56

It is still way too early to make such a judgement. It's easy to be overly optimistic about the cost of a program. The Space Shuttle was supposed to have dozens of flights each year and be super-cheap because it was reusable. However, you simply don't know the true cost until a program has been in use for several years. After several years of the Shuttle, ...


53

From a pre-launch press release for Apollo 11: Among the many missions conceived at that time was a manned journey to the Moon and back. Dr. Silverstein himself named it "Apollo" after one of the most versatile of the Greek gods. Dr. Silverstein recalls he chose the name after perusing a book of mythology at home one evening, early in 1960. He ...


29

Note: This answer is based on a source from 2001. It provides a lot of background as a historical overview, but it does not take into account recent changes in the program. Please review the end of Organic Marble's answer for a fuller perspective. Initially, it began as a temporary program. In the late 1950s, the US military needed accurate and timely ...


26

The speech is available in full here: https://dc.hillsdale.edu/News/Latest-News/The-Urgent-Need-for-a-U-S-Space-Force/ It's extremely general and non-technical. He talks about getting water from the Moon (!) at 20:25 into the video but does not discuss how. To sum up, there were no specific technical proposals in the speech, about water or anything really. ...


26

There's currently a single Google1 hit for that phrase2, so I strongly suspect this is a backronym the author thought was clever. It might be worth checking the reference given around this information "Battin, R. H., An Introduction to the Mathematics and Methods of Astrodynamics, American Insitute of Aeronautics and Astrodynamics,1987."3 -- ...


20

I read in the news sometimes ago that Mike Pence proposed to form a new division in the US Army as US Space Force. It's not just Mike Pence. It's also Donald Trump, and also members of Congress. The only differences I can see between the Space Force currently proposed by the administration and the Space Corps previously proposed by members of Congress is ...


20

According to an authoritative-sounding post on collectspace here, it's statute (which matches my recollection). Edit: OP @costrom found an FAA document Fact Sheet – Commercial Space Transportation Activities which confirms it.


18

The specific needs of the military may not be served by civilian weather satellites. Specifically, the DMSP started as a classified program that supported the Corona spy satellite program. Its purpose was to predict cloud cover over foreign countries so that the expendable film in the Corona satellites would not be used up taking pictures of the tops of ...


16

The plan was not for the Department of Defense to have an additional Orbiter built for it. Instead, the Orbiter Discovery (OV-103) was to be dedicated for DOD use and based at the Vandenberg launch site. (Space Shuttle, Dennis Jenkins, 1992 edition, page 151) Prior to the Challenger accident, when NASA was preparing to launch the space shuttle ...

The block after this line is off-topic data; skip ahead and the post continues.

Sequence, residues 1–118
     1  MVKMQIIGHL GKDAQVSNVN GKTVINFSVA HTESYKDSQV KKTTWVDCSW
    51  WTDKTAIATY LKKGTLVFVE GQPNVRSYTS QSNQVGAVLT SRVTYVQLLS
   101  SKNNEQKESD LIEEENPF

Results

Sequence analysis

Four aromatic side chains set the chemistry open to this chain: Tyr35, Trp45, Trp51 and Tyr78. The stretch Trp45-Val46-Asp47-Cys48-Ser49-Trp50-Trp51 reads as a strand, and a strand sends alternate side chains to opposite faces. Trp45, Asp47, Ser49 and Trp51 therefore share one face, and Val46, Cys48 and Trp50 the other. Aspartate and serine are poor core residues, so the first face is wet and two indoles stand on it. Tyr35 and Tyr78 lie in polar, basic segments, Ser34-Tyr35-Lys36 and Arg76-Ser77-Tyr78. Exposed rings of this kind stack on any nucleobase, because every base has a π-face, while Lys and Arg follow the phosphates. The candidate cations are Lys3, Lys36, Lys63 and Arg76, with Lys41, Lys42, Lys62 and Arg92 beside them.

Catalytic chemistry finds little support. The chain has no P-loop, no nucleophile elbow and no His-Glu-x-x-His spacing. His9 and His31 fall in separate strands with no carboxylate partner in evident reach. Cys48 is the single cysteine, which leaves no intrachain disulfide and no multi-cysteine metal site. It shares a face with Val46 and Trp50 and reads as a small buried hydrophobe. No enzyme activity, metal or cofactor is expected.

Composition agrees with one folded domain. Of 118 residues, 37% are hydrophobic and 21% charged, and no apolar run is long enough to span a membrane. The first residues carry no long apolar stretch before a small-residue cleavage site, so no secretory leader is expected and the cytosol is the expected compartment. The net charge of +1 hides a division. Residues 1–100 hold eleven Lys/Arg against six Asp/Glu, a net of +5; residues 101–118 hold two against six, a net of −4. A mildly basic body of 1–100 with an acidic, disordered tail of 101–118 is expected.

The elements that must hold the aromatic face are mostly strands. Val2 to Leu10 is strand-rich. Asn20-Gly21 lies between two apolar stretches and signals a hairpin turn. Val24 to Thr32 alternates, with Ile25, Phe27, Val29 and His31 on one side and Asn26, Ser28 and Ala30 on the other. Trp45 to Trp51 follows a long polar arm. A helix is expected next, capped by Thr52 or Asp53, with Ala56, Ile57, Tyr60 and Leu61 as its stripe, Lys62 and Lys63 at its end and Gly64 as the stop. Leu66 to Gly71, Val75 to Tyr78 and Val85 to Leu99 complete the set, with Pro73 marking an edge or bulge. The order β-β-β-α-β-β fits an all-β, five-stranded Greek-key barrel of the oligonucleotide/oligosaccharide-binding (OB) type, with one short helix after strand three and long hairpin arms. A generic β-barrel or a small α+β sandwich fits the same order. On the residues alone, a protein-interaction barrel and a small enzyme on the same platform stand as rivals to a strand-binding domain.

16

Both the Russian and American space programs use a refined kerosene; the Russian version is called RG-1 and is slightly denser than RP-1. RG-1 and RP-1 formulations are generally interchangeable; American rockets using Russian engines like the Atlas V are flown on RP-1 despite the engines having been developed on RG-1. For both RG-1 and RP-1, the ...


16

Are these statute miles (1609.344 m, 5280 ft) or nautical miles (1852 m, 6076-ish ft)? TL;DR Neither. Or rather, it is 50 statute miles, but a statute mile is not 1609.344 meters. That is the length of an international mile, and U.S. statutes have intentionally not made the conversion from survey miles to international miles. A statute mile is a synonym for ...


15

Eh, to begin with this statement isn't accurate. SpaceX ... has the same capabilities if not better? Falcon Heavy as stands can't replace SLS and launch Orion on the required orbit without significant modification. (and even if Falcon Heavy could launch Orion, it wouldn't be able to dual manifest Gateway modules) Dragon isn't comparable in capabilities to ...


13

It is because the two programs are separately managed and tracked to an extent that would astound the outsider. USOS crewmembers theoretically would have to ask for permission to use a Russian screwdriver; consumables from the two sides are even more obsessively managed. Casual sharing does go on but this produces headaches for the legion of logistics ...


13

All the answers are right in their own way. One thing that is not addressed: The Falcon Heavy is not even remotly on par with the SLS in terms of rocket diameter and payload mass. According to Wikipedia (Falcon Heavy, SLS) the Falcon Heavy can launch 63 tonnes to LEO while SLS can deliver a whopping 95 tonnes in the Block 1 configuration which (if everthing ...


12

The article says that the page has been adapted from Kwast's speech, so it's possible someone transcribed something wrong or misunderstood. Taking an excerpt: With the right vision and strategy for space, America can develop the means to: Deliver unlimited, clean, affordable energy to every human on the planet without power lines or terrestrial ...